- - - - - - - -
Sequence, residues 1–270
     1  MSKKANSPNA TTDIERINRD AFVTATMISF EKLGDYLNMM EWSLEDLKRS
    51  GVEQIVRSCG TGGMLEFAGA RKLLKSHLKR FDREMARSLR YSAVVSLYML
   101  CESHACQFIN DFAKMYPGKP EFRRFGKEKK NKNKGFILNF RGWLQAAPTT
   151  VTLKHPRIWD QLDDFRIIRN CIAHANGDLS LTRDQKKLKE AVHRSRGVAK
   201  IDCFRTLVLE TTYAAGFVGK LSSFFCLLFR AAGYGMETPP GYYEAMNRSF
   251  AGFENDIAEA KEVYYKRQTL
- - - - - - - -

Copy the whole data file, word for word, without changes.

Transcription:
Sequence, residues 1–270
     1  MSKKANSPNA TTDIERINRD AFVTATMISF EKLGDYLNMM EWSLEDLKRS
    51  GVEQIVRSCG TGGMLEFAGA RKLLKSHLKR FDREMARSLR YSAVVSLYML
   101  CESHACQFIN DFAKMYPGKP EFRRFGKEKK NKNKGFILNF RGWLQAAPTT
   151  VTLKHPRIWD QLDDFRIIRN CIAHANGDLS LTRDQKKLKE AVHRSRGVAK
   201  IDCFRTLVLE TTYAAGFVGK LSSFFCLLFR AAGYGMETPP GYYEAMNRSF
   251  AGFENDIAEA KEVYYKRQTL